18th Conference on Climate Variability and Change
20th Conference on Hydrology


State of the ground: Climatology and changes during the past 65 years over Northern Eurasia for snow cover, dry, wet, and frozen ground conditions

Pavel Ya. Groisman, NOAA/NESDIS/NCDC, Asheville, NC; and R. W. Knight, V. N. Razuvaev, O. N. Bulygina, and T. R. Karl

Significant climatic changes over Northern Eurasia during the 20th century are revealed in numerous variables including those affecting and characterizing the state of the ground. Synoptic archives in the former USSR (as well as some other countries) contain regular daily and semi-daily reports about the state of the ground in the area surrounding the station. Information about frozen, dry, wet, ponded, snow-covered land, and in the case of snow-covered land, about the characteristics of snow cover is available in these reports. A new Global Synoptic Data Network consisting of 2100 stations within the boundaries of the former Soviet Union created jointly by National Climatic Data Center and Russian Institute for Hydrometeorological Information was used to assess the climatology of dry/wet land conditions, snow cover, frozen and unfrozen ground reports, and their temporal variability for the period from 1936 to 2000. Comparison with satellite measurements of snow cover extent has been conducted.

During the second half of the 20th century and over many regions in Northern Eurasia, a reduction of the cold-ground conditions (snow covered and frozen) was compensated by an increase in unfrozen-ground conditions (6 days since 1956 over Russia). The most prominent changes occurred in the spring season in Siberia, by approximately 5 days during April and May. Since the beginning of the data set, surface temperature changes in high latitudes have not been monotonic. As a result, linear trend analyses applied to the entire period of observations can lead to paradoxical conclusions. Specifically, changes in snow cover extent during the 1936-2000 period cannot be linked with “warming” (particularly with the Arctic warming) because in this particular period it was absent.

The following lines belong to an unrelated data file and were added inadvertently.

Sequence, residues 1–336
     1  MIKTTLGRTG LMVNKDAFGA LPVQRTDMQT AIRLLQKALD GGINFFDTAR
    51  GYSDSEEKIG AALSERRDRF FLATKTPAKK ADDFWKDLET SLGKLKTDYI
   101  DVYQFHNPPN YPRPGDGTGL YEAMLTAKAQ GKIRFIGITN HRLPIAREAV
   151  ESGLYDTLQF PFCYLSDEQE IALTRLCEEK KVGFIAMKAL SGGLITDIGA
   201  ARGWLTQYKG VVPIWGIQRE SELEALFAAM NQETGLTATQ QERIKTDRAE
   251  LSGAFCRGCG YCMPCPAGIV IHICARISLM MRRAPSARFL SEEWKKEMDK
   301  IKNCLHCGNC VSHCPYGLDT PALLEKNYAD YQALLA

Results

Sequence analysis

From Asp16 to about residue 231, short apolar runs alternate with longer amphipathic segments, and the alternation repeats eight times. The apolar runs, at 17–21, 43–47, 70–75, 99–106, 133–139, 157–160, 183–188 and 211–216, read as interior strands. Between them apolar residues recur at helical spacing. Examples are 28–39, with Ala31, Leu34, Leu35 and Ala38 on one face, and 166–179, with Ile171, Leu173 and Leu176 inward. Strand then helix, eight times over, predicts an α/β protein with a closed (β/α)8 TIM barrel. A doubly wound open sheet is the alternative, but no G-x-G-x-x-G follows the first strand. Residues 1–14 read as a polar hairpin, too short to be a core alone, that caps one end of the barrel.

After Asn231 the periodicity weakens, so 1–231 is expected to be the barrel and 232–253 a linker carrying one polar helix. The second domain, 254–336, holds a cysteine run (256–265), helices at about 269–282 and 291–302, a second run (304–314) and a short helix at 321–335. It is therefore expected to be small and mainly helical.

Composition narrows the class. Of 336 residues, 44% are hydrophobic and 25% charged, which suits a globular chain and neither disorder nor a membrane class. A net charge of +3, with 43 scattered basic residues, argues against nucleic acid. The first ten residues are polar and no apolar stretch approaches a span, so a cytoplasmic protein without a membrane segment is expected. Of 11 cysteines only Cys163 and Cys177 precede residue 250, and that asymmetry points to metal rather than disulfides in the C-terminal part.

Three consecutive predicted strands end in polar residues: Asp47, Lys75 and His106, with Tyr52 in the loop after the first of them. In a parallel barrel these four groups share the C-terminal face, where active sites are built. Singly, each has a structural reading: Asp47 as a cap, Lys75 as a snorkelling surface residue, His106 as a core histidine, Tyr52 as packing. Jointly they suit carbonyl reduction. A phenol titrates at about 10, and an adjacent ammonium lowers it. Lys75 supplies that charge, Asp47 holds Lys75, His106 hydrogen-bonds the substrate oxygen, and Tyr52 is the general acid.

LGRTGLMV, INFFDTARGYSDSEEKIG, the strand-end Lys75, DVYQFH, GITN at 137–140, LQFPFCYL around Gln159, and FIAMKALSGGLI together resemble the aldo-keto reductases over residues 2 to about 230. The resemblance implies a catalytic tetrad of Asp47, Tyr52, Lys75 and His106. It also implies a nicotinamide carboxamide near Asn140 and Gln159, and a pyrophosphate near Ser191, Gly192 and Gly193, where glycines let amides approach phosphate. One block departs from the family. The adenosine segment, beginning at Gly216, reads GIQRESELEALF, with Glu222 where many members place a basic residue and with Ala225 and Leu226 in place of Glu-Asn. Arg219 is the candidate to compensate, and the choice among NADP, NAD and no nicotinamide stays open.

Dynamics of the duration of the dry land surface periods based on state of the ground reports will be presented at the Conference.


Joint Session 3, Land-Atmosphere Interactions: Land Data, Land Cover, and Land Use Studies (Joint with 18th Conference on Climate Variability and Change and 20th Conference on Hydrology)
Tuesday, 31 January 2006, 8:30 AM-12:30 PM, A314

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